A brand, spanking new column is up at the Blue Ridge Country magazine web site. It’s entitled “This Old House.” I am tickled pink with this one, as it gives y’all a fairly accurate peek into our life here in the Valley. It’s less Country Living and more Psychology Today than you might guess. As always, your comments are welcomed both here and at the magazine site, where they’re constantly evaluating my popularity and/or law suit potential. Love y’all.
I was supposed to be folding towels. I was actually flipping TV channels and procrastinating. What do we have here? It’s a show called Doomsday Preppers. It was news to me that there’s a subset of the American population spending buckets of cash to hoard supplies for some impending very bad thing. Not sure why, but I suspect that the people who manufacture canned Spam started this whole movement. Brilliant marketing if they did. I didn’t give it a second thought until months later.
“Our government is going to collapse within six months. What have you done to get ready?”
What? I was just the “plus one” attending my husband’s company picnic. No one told me there was going to be a pop quiz.
“The name’s Bob. Bad things are about to happen. Have you stocked your basement with food and water?”
“Um, I don’t have a basement.”
“When it all goes down, you’ll die if you haven’t prepared. I’ve got an entire room filled with first aid supplies, water, ammo, and canned goods. You’ve got to be ready or you’ll starve!”
Oh, I get it. Bob here is a doomsday prepper, just like on TV. Worse, he’s an urban prepper. He lives in Washington, D.C. Bless his heart.
“Bob, you’re operating under a false assumption. Let’s just say there’s a Martian invasion. Food does not disappear. Distribution does. All that food that you’re used to seeing in your grocery store? It gets stuck in my backyard with nowhere to go.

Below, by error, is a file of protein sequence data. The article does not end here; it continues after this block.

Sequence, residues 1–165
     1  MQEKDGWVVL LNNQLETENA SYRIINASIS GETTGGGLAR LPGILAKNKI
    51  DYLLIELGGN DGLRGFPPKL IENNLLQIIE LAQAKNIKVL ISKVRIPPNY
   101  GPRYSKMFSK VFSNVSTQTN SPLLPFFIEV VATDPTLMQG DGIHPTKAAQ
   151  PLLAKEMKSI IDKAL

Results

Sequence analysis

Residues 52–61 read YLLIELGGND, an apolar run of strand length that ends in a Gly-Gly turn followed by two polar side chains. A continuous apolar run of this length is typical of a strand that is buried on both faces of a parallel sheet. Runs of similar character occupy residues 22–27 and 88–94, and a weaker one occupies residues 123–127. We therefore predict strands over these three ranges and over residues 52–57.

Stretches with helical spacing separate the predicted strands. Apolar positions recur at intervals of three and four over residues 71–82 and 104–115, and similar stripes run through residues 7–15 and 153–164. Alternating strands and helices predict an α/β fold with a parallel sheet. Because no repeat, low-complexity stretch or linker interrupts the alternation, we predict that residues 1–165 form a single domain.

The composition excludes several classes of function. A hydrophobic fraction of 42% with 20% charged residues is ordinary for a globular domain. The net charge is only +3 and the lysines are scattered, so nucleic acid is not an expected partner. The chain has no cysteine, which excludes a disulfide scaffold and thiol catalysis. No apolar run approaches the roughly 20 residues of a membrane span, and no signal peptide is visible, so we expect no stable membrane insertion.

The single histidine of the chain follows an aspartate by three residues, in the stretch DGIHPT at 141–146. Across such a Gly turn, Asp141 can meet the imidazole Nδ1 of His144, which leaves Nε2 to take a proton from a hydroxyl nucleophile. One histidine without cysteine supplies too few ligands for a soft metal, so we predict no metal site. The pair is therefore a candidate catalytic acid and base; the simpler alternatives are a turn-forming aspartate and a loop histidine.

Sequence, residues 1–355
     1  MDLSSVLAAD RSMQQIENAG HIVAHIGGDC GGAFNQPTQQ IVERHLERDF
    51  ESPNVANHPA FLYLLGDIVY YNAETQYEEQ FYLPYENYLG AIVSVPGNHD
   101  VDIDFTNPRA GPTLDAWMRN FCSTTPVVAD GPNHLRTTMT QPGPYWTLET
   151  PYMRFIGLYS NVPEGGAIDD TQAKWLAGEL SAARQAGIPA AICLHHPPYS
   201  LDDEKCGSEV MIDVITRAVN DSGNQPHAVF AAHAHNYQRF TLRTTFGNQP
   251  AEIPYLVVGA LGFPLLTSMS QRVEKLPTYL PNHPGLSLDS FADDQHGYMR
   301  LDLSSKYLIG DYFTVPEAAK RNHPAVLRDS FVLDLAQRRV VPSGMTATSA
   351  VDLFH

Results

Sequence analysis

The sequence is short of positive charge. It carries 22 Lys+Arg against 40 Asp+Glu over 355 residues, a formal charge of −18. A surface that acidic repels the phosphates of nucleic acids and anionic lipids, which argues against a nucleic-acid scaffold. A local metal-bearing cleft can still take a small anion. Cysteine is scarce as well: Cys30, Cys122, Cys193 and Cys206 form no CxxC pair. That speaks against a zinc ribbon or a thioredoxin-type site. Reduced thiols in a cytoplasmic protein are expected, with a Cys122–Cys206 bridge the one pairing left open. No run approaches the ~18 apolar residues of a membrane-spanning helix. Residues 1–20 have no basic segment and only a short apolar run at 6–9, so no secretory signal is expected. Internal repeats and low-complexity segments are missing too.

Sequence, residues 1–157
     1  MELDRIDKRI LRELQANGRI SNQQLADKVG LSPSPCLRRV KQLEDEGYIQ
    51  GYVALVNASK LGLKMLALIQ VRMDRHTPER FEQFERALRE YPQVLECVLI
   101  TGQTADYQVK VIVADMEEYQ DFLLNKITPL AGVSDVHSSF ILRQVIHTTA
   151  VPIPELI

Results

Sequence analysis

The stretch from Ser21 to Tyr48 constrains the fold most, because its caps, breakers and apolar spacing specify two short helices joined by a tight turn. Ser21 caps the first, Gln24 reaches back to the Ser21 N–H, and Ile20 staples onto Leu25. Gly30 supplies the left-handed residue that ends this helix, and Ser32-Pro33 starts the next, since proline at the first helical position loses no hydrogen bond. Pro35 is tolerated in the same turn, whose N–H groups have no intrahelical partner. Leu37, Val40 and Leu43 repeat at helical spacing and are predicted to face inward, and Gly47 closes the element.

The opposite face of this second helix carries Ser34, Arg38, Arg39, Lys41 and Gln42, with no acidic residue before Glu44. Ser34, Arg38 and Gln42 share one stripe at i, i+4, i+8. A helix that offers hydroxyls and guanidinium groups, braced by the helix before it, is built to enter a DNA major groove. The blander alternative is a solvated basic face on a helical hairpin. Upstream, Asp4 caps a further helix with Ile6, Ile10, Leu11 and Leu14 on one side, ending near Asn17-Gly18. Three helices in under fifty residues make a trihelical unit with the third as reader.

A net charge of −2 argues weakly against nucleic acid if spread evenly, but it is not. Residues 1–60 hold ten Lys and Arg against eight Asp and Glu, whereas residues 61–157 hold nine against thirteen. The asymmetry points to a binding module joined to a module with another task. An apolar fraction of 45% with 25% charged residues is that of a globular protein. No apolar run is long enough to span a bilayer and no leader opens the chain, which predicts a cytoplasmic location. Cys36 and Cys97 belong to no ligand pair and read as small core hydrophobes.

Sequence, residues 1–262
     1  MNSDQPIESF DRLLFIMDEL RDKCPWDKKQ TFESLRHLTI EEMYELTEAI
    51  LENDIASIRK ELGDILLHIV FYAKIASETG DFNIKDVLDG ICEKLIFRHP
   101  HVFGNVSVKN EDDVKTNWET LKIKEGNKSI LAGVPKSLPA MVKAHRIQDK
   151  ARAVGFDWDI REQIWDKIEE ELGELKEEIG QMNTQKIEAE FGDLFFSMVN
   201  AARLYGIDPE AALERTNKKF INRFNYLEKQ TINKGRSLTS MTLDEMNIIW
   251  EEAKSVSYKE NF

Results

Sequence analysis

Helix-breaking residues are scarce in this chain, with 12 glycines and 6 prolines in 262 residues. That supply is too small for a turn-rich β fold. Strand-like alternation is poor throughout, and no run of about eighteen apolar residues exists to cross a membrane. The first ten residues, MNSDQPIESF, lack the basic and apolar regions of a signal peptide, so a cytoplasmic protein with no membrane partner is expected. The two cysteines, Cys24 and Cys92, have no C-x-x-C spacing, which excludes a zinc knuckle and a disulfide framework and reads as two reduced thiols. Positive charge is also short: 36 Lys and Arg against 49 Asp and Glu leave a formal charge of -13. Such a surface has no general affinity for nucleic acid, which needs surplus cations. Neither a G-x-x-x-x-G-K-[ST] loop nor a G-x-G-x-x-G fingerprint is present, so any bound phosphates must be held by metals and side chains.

You see, I live in Virginia’s Shenandoah Valley. We are Ground Zero for all that is tasty. It is rich with farms and food. We don’t starve. We don’t die of thirst. I have three working springs and a creek on my property. Even if you don’t count all the backyard chickens, pigs, and goats, there is an abundance of goodness within easy walking distance of my house.”
Poor Bob looked confused. I elaborated.
“Within roughly four miles of my front door there is: a hydroponic tomato greenhouse, an ostrich farm, a deer farm, a trout farm, an organic beef, pork, and lamb farm, two vineyards, five apple orchards, three dairy farms, at least six beef cattle operations, several corn and soybean farms, silos full of feed corn and grain, a couple of moonshine operations, and here’s the biggie, Bob. There are at least thirty commercial poultry houses chock full of chickens and turkeys.”
Bob’s bottom lip was trembling. He needed me to suffer so all the time and money he’s invested in his expensive end-of-days hobby would be validated. Bob was all kinds of sad that maybe, just maybe, I was going to be fine without a case or two of Spam squirreled away. It looked like Bob would be happier if I did not survive. This was beginning to hurt my feelings. Even so I decided to throw him a bone, cheer him up a bit.
“You just never know, Bob. I can see a situation where the Shenandoah Valley runs out of food. We’ll probably waste all our feed corn by converting it to ethanol, letting our animals starve. Then we’d wipe out a huge portion of farm land by putting in an oval track and bleachers. When the zombie apocalypse comes, I’m sure they won’t be broadcasting NASCAR races so we’ll use up all our precious resources just to have a little fun.”